JUST AS THE ball drops in Times Square every year, the compilation movie is becoming an annual tradition. While the Brit-inflected "Love, Actually" (2003) is the mack daddy of the genre, the American counterparts began in earnest with "He's Just Not that Into You" (2009) and Garry Marshall's "Valentine's Day" (2010).

Marshall continues his holiday streak with "New Year's Eve," celebrating the one day when, as Ashton Kutcher's bearded comic book artist puts it, "People who don't drink or party all year suddenly are going all Kanye on you."

As with "Valentine's Day," the stories of many freakishly attractive normals mix and mingle, coming together as the story sees fit, whether it's Zac Efron's bike messenger helping Michelle Pfeiffer's repressed secretary check off her resolutions or Jessica Biel and Seth Myers attempt to have the first baby born in 2012 in order to win a pile of cash.

But why does this movie feel so disingenuous when "Love, Actually" felt natural? Is it because there's a true element of togetherness at Christmas, whereas New Year's Eve feels more like a construct of the champagne industry and whoever owns the rights to "Auld Lang Syne"? Or is it because "Love, Actually" was better written and shrewdly edited than this slapped-together, contrived money grab by notable Hollywood names putting in a few days' work for a pile of cash?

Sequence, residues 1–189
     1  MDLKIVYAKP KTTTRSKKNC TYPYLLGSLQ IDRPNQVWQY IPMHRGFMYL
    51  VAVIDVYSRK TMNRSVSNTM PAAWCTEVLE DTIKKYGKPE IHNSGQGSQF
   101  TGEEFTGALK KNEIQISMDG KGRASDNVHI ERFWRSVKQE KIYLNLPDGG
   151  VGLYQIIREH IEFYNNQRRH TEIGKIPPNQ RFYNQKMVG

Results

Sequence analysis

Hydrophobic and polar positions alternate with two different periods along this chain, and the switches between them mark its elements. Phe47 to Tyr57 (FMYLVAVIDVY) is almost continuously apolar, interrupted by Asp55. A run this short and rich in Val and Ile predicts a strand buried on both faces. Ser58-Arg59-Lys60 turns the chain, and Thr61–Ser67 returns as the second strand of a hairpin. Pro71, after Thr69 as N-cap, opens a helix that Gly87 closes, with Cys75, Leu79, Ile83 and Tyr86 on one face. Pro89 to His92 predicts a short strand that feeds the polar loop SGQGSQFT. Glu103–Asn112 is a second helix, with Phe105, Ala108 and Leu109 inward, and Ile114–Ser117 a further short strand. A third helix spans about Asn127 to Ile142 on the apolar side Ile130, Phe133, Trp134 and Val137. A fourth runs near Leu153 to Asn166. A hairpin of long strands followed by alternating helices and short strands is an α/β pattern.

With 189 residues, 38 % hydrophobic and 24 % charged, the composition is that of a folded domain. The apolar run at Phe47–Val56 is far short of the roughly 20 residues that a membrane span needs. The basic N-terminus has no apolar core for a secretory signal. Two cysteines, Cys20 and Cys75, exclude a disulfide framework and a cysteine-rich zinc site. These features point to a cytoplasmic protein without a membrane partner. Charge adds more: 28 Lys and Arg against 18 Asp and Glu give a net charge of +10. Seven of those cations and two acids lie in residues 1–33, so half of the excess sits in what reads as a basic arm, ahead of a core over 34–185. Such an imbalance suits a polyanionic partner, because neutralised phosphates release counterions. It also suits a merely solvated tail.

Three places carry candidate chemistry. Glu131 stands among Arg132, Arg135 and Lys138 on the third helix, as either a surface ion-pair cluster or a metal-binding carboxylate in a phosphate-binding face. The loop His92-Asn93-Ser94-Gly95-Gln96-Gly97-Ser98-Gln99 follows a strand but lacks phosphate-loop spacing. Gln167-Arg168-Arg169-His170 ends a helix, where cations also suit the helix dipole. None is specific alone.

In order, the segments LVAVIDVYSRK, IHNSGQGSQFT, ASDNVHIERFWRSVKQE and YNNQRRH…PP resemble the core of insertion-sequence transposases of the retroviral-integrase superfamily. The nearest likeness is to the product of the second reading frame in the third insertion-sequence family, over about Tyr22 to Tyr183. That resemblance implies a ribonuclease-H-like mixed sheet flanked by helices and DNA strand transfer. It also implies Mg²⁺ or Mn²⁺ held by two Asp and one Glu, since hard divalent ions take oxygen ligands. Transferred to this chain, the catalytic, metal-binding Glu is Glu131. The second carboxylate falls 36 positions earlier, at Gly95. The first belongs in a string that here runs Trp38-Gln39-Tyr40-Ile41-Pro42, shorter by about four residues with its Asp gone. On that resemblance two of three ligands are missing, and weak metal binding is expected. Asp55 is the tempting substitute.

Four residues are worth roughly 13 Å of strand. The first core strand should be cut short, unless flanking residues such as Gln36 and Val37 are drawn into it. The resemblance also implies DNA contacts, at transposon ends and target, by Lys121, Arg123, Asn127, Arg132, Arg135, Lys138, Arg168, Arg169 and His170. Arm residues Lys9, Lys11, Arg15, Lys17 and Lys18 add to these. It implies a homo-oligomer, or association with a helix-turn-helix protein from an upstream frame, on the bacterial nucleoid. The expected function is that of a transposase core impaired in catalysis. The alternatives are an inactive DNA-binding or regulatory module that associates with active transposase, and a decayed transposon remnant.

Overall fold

For example Robert De Niro is in "New Year's Eve," probably to fund his Tribeca Film Festival. Even director Marshall is guilty of the money grab: In the gag reel, Biel gives birth to two copies - twins! - of "Valentine's Day" on Blu-ray. But frankly, that's forgiven because the gag reel is the funniest part of the film.

In other words, if you can believe Chris "Ludacris" Bridges as a member of the NYPD who seems to be best friends with Hilary Swank rather than just a guy looking to get paid for memorizing a few lines and donning a blue suit, then Happy New Year!

Produced by Richard Brenner, Toby Emmerich, Mike Karz, Wayne Allan Rice, Josie Rosen, directed by Garry Marshall, written by Katherine Fugate, music by John Debney, distributed by New Line Cinema.